Keeping up-to-date and determining the veracity of scientific articles and clinical documentation can be overwhelming, so we've put together a checklist to help the healthcare professional to judge:
How reliable the results are (the articles strengths, weaknesses and validity)
What they mean for you in your clinical work
In fact, for a scientific article to be deemed credible, certain data must be present.
In this article, we provide an excerpt from the checklist.
Created by clinical professionals, this checklist outlines the criteria to look for when gauging the quality of a published study. Here's some of the topics covered:
Purpose of the study
Why was the study performed? The purpose, which can be both primary and secondary, should be compared with the conclusion.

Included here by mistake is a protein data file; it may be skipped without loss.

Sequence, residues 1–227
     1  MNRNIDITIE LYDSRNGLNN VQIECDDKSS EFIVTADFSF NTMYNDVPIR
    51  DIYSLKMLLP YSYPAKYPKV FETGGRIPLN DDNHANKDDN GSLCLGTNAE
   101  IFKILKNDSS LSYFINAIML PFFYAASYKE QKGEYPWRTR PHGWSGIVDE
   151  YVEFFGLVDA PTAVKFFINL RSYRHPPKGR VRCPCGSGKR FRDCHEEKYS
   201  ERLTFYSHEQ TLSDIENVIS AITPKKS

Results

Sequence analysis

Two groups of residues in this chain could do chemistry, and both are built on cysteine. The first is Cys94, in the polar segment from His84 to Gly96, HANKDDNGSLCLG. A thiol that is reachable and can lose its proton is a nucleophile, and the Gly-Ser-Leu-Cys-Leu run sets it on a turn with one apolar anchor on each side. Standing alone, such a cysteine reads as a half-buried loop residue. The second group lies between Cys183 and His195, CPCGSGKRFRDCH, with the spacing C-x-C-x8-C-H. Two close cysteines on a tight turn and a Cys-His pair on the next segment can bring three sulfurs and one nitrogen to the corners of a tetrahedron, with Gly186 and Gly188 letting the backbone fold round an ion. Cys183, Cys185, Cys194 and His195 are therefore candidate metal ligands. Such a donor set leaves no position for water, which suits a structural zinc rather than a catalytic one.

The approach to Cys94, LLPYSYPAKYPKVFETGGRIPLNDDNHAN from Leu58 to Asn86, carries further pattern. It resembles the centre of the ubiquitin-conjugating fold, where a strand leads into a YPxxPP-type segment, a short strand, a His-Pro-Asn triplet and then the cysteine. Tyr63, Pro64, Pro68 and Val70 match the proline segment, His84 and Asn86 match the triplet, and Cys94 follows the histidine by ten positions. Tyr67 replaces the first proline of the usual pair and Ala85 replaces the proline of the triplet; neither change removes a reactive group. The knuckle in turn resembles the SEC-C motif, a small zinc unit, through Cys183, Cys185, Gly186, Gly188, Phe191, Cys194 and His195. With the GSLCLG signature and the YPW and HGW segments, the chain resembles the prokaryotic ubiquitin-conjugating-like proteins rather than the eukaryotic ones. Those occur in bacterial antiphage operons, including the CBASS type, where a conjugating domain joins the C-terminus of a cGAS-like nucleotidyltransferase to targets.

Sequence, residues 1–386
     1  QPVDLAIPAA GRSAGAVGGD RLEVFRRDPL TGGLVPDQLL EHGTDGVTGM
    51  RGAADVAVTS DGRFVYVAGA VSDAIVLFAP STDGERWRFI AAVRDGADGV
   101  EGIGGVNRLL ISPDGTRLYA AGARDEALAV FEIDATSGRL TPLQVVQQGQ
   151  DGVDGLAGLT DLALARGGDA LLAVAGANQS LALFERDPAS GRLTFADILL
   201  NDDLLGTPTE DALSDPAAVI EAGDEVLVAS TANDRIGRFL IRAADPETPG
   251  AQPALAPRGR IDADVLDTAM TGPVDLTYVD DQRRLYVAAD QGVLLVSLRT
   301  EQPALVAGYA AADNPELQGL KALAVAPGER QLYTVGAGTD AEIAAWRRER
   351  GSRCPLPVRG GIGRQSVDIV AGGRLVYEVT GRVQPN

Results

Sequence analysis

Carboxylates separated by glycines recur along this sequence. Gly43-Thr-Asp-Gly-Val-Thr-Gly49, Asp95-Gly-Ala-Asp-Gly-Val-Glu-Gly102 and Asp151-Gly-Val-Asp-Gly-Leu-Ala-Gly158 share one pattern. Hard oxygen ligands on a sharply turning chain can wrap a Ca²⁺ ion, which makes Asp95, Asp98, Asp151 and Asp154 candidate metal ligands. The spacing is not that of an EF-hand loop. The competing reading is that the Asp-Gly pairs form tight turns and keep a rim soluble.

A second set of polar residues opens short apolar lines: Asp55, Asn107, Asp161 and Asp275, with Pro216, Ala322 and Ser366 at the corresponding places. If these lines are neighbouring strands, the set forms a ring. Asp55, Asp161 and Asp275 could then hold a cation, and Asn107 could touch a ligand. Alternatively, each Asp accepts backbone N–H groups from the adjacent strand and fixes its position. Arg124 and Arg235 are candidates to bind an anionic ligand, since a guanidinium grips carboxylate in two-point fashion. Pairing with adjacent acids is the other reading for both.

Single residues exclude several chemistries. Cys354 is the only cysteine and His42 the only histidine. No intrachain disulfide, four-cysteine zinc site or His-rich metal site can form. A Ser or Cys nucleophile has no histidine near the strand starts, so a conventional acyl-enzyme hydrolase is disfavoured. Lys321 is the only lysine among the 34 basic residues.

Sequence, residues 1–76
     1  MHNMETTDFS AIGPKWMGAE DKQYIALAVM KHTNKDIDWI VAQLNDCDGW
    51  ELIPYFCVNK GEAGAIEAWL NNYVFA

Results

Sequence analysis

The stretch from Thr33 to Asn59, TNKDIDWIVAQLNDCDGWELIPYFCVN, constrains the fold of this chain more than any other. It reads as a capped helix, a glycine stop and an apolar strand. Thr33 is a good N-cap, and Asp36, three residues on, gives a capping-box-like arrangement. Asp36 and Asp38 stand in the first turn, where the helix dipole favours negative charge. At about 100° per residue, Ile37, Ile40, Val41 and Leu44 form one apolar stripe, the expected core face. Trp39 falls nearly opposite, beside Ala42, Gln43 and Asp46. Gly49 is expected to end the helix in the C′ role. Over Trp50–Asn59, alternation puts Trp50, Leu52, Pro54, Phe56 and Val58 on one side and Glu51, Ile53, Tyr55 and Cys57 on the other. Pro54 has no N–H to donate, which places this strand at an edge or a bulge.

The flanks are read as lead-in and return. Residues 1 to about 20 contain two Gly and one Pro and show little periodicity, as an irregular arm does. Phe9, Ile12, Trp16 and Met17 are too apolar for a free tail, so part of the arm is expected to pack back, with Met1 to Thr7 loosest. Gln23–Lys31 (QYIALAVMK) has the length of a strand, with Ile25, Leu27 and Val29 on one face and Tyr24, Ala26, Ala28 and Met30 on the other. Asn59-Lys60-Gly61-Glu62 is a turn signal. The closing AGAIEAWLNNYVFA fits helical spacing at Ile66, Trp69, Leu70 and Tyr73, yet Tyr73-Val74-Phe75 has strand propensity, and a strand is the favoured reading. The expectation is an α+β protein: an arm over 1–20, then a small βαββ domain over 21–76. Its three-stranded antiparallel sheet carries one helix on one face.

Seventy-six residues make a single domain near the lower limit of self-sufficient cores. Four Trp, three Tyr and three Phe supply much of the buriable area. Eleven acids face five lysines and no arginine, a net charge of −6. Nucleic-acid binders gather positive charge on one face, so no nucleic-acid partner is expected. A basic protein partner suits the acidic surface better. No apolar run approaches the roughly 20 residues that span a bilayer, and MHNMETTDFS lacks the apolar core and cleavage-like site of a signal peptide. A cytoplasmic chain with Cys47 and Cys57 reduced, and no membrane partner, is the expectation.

Type of study / Study design
Is it a prospective or retrospective study? Generally prospective studies are more reliable,since the criteria are set before the patients are treated. Results from randomized controlled trials outweigh non–randomized, larger studies outweigh smaller and blinded studies outweigh open studies.
The method used is of great importance for the outcome of the results. What is the strength in study design and what do previous studies say? Is the used method described well (which is important for reproducing)? What was the length of follow–up?
Number of clinics involvedHow many clinics are involved? If more than one clinic is involved in the study it is more likely that the results can be repeated.